world view, emotional control and defense mechanisms. The subject is guided to
reinterpret his or her life’s history and adopt a new version of causality.


Create a sense of
 by subjecting the person
to intense and frequent actions and situations which undermine the person’s
confidence in himself and his judgment.


Create strong aversive
emotional arousals in the subject by use of nonphysical punishments such as
intense humiliation, loss of privilege, social isolation, social status
changes, intense guilt, anxiety, manipulation and other techniques.


Intimidate the
person with the force of group-sanctioned secular psychological threats.
For example, it may be suggested or implied that failure to adopt the approved
attitude, belief or consequent behavior will lead to severe punishment or dire
consequences such as physical or mental illness, the reappearance of a prior
physical illness, drug dependence, economic collapse, social failure, divorce,
disintegration, failure to find a mate, etc.

These tactics of psychological force are applied to
such a severe degree that the individual’s capacity to make informed or free
choices becomes inhibited. The victims become unable to make the normal, wise
or balanced decisions which they most likely or normally would have made, had
they not been unknowingly manipulated by these coordinated technical processes.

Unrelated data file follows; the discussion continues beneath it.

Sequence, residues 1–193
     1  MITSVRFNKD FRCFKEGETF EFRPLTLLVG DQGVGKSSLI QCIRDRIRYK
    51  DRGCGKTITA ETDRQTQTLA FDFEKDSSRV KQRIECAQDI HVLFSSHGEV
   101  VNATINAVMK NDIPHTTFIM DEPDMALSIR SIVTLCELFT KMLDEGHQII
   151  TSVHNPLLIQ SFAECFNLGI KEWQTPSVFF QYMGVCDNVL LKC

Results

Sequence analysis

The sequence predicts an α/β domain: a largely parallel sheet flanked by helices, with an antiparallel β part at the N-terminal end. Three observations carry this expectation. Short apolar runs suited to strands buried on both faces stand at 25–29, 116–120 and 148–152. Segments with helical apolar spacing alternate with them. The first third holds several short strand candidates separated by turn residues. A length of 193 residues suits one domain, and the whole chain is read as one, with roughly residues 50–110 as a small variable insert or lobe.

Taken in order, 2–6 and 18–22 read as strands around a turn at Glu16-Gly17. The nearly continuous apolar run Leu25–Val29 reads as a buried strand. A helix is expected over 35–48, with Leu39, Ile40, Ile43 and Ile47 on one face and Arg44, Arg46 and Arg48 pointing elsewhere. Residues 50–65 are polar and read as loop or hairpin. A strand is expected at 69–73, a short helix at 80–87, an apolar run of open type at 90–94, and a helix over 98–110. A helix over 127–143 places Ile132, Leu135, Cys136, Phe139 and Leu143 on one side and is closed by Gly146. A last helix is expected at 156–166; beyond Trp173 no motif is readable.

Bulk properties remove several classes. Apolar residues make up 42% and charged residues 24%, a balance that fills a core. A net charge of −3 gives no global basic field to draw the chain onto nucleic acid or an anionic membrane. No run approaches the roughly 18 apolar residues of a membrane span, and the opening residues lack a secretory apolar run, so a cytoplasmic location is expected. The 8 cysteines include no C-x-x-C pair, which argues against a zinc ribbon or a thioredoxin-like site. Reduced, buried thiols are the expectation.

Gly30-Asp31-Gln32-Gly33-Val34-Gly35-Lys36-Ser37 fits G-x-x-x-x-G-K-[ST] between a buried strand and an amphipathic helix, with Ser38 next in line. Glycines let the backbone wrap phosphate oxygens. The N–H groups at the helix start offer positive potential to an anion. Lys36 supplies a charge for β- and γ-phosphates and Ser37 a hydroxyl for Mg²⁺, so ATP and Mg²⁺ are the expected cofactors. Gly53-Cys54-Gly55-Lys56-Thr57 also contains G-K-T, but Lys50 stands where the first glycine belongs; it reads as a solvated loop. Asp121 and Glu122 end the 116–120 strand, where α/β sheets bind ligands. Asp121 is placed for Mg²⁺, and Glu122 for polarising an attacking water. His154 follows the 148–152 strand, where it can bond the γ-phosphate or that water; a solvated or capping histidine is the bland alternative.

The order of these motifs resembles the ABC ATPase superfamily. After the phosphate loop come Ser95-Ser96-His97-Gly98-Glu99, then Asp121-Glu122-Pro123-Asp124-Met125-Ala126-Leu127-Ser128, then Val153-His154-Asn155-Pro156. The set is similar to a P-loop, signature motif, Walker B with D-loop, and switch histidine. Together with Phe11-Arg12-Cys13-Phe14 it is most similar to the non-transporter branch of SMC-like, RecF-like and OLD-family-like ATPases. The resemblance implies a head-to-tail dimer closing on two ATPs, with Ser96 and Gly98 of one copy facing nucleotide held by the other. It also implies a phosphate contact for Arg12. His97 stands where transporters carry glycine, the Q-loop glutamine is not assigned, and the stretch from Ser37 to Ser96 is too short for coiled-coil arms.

The cumulative effect of these processes can be an even more effective form of
undue influence than pain, torture, drugs or the use of physical force and
physical and legal threats.

How does Coercive
Psychological Persuasion Differ from Other Kinds of Influence?

Coercive psychological systems
are distinguished from benign social learning or peaceful persuasion by the
specific conditions under which they are conducted. These conditions include
the type and number of coercive psychological tactics used, the severity of
environmental and interpersonal manipulation, and the amount of psychological
force employed to suppress particular unwanted behaviors and to train desired

Coercive force is
traditionally visualized in physical terms. In this form it is easily
definable, clear-cut and unambiguous. Coercive psychological force
unfortunately has not been so easy to see and define. The law has been ahead of
the physical sciences in that it has allowed that coercion need not involve
physical force. It has recognized that an individual can be threatened and
coerced psychologically by what he or she perceives to be dangerous, not
necessarily by that which is dangerous.


Law has recognized that even
the threatened action need not be physical. Threats of economic loss, social
ostracism and ridicule, among other things, are all recognized by law, in
varying contexts, as coercive psychological forces.

Why are Coercive Psychological
Systems Harmful?

Coercive psychological systems
violate our most fundamental concepts of basic human rights. They violate
rights of individuals that are guaranteed by the First Amendment to the United
States Constitution and affirmed by many declarations of principle worldwide.

confusing, intimidating and silencing their victims, those who profit from
these systems evade exposure and prosecution for actions recognized as harmful
and which are illegal in most countries such as: fraud, false imprisonment,
undue influence, involuntary servitude, intentional infliction of emotional
distress, outrageous conduct and other tortuous acts.